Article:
Landing pages — stand-alone web pages that deliver a single marketing message and a single call-to-action — have been around for decades. They’re usually used to entice people to sign up for an offer or mailing list.
During the past year or so, one-page websites have exploded in popularity. Now, instead of functioning primarily as a sales tool, they’ve morphed into full-featured websites.
One-page websites work well for brands in their infancy and for sites that have a small amount of content. We developed a one-page site for a new organization, West Coast Christian Writers, while they were lining up speakers for their 2015 conference and crafting content for their full-featured site, http://westcoastchristianwriters.com/.
We did the same for Thomas Locke, an author who will release the first novel in his three-book epic fantasy series in January 2015.
Thomas Locke has been publishing novels for years under a different name, but this is his grand entrance into the realm of fantasy fiction. To kick off the new brand, Thomas and his publisher (Revell), wanted to keep things simple and tightly focused.
The Blogging Bistro team designed a one-page site for Thomas that incorporates responsive design technology (meaning that it works perfectly on a tablet, smartphone, and desktop screen).
“Epic tales of imagination and adventure – crafted by acclaimed international novelist, Thomas Locke.”
We highlighted Emissary, the first book in the series, with a large image of the book cover and a short promotional blurb. We added links to read the synopsis, sample an excerpt, view a map of the Realm, and order the book.
The only “clickable” page on the site links to Thomas’s WordPress.org blog, http://tlocke.com/blog/.
People who visit Thomas Locke’s site email us, asking, “What WordPress theme did you use to create this site?”
We didn’t use a theme. We custom-designed, custom-programmed his site.
After researching several popular “premium” responsive WordPress themes for single-page sites, we noticed two pervasive problems with them.
In terms of megabytes, they are gigantic. Parallax themes, in particular, are problematic. You’ve likely seen sites that use a parallax theme – as you scroll down the page, different layers of images move at different speeds, creating an illusion of depth.
While this effect has a faddish “cool factor,” I get seasick, dizzy, and cross-eyed when I view parallax sites. They look particularly bad on smartphones, where animations, slideshows, and ever-changing background images defeat the purpose of the site, which is to help visitors access content quickly, without hassle.
We compared the size of popular parallax themes with Thomas Locke’s custom site, and discovered that the themes are 5.6MB, 14.1MB, and 6MB in size (for the desktop version), compared to 1MB for Thomas Locke’s desktop version.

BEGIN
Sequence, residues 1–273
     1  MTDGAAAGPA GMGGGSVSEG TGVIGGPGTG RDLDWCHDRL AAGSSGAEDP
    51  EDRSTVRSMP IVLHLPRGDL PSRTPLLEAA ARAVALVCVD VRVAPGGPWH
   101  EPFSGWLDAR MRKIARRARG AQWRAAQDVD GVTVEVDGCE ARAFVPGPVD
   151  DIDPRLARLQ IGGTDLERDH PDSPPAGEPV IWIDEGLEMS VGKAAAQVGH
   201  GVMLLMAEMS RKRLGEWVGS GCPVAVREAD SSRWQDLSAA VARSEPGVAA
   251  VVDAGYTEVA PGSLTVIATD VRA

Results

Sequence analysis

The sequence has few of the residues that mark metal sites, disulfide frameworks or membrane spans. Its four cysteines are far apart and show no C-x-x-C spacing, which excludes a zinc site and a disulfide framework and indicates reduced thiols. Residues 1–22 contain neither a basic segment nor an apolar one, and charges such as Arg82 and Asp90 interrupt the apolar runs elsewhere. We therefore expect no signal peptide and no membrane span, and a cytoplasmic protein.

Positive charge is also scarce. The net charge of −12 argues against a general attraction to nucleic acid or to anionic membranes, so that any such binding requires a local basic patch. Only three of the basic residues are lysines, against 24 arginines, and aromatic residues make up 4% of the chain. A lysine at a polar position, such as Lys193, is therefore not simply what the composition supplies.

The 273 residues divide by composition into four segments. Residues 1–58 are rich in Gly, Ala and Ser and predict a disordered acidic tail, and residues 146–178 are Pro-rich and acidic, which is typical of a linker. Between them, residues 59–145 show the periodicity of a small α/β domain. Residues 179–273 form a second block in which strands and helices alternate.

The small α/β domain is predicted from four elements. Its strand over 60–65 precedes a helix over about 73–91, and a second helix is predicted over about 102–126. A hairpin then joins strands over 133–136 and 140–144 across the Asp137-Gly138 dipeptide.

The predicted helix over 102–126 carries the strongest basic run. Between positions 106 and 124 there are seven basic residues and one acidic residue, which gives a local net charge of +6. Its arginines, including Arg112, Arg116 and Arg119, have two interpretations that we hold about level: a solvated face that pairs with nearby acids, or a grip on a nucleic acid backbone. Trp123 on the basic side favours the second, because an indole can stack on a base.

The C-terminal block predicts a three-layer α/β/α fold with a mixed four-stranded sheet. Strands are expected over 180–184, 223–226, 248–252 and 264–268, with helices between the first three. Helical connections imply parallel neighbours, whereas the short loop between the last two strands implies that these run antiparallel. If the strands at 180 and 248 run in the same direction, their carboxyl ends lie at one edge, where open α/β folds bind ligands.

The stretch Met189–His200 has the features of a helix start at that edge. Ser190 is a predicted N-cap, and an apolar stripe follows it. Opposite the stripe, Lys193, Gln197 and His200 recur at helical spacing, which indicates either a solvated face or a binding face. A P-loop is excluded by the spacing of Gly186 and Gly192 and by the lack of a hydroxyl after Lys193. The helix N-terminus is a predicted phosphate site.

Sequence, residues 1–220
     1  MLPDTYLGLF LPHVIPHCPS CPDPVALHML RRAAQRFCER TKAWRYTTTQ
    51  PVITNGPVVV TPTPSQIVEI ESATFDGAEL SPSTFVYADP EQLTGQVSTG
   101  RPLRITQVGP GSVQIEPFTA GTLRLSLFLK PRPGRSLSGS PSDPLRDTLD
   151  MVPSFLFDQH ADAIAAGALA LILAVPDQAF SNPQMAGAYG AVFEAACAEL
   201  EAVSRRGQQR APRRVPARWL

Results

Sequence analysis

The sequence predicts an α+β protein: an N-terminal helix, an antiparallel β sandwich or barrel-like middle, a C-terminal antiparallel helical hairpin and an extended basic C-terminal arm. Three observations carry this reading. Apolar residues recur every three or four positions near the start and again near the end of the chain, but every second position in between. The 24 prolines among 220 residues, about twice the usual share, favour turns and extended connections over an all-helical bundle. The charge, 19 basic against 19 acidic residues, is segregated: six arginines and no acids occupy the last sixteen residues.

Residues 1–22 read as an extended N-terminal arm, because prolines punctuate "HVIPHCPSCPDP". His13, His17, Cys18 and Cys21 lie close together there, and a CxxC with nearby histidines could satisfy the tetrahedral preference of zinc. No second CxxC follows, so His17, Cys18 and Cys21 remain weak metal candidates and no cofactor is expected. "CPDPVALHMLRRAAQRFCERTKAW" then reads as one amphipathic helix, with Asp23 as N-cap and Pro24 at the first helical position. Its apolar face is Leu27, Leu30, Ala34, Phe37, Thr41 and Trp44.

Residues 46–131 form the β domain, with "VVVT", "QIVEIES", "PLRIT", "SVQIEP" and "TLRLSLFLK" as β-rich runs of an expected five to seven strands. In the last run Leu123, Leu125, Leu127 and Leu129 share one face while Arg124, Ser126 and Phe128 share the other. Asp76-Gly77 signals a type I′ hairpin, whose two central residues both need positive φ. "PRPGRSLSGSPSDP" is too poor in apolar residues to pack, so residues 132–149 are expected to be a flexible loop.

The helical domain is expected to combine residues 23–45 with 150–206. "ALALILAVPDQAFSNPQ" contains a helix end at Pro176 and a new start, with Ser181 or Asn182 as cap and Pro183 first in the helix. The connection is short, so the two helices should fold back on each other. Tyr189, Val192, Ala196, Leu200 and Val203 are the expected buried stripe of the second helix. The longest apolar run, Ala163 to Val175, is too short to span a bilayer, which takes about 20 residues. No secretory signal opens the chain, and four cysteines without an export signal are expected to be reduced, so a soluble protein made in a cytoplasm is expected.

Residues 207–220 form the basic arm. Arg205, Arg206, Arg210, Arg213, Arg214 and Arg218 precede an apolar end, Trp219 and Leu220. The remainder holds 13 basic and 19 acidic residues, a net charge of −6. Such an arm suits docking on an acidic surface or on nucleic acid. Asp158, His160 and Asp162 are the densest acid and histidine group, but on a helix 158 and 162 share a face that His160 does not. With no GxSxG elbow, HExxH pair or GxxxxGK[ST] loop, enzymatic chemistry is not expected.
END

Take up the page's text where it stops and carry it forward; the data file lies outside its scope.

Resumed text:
The other problem with these themes is that they do not reduce the amount of data for the mobile version. With one popular theme, you have to download 5MB of data before the site opens! Think anyone is going to wait around for a couple of minutes for your website to load on their phone? Think again!
The TLocke.com mobile version, on the other hand, is only 500KB.
When you’re evaluating themes, or themes vs. custom development, remember that even if you have a great mobile connection, a large site is going to take more than a few seconds to download. And we all know just how impatient we are when we’re using a smartphone. We want our data, and we want it NOW.
2. Themes don’t support older versions of browsers.
A web browser is software that allows you to view pages on the World Wide Web. Common desktop browsers include Google Chrome, Mozilla Firebox, Internet Explorer, Safari, and Opera.
If you use Microsoft’s Internet Explorer 11 (the latest version), you’ll probably be fine. But if you haven’t bothered to install the latest version and you’re still using IE8 or earlier, many themes will crash your browser. They do not support IE8 or earlier.
The TLocke.com site fully supports IE8, even though it doesn’t look quite as good on the older browser. But, it DOES work.
TIP: Before investing in a theme, test it on all the major browsers, including older versions of browsers that a significant segment of the browsing public is likely to be using.
What’s the best deal?
If you are tech-savvy and comfortable manipulating code, investing in a theme and customizing it may work for you.
But when you research themes, don’t let the “looks cool” factor influence your buying decision. Take a close look under the hood. What appears slick at first glance may have abysmal usability.
TIP: Ask yourself, “Am I willing to throw away 20 percent of potential traffic to my site because people can’t view it on their outdated browser, and another 50 percent because my site loads slowly?
If you’re comfortable losing up to 70 percent your website’s potential visitors, then by all means, buy a one-page theme.
If making your site accessible to 100 percent of visitors is important to you, consider investing in the services of a website developer. You’ll spend more up front, but you’ll likely recoup your investment more quickly and be more satisfied with your website’s performance.
What are your thoughts about the pros and cons of custom development vs themes?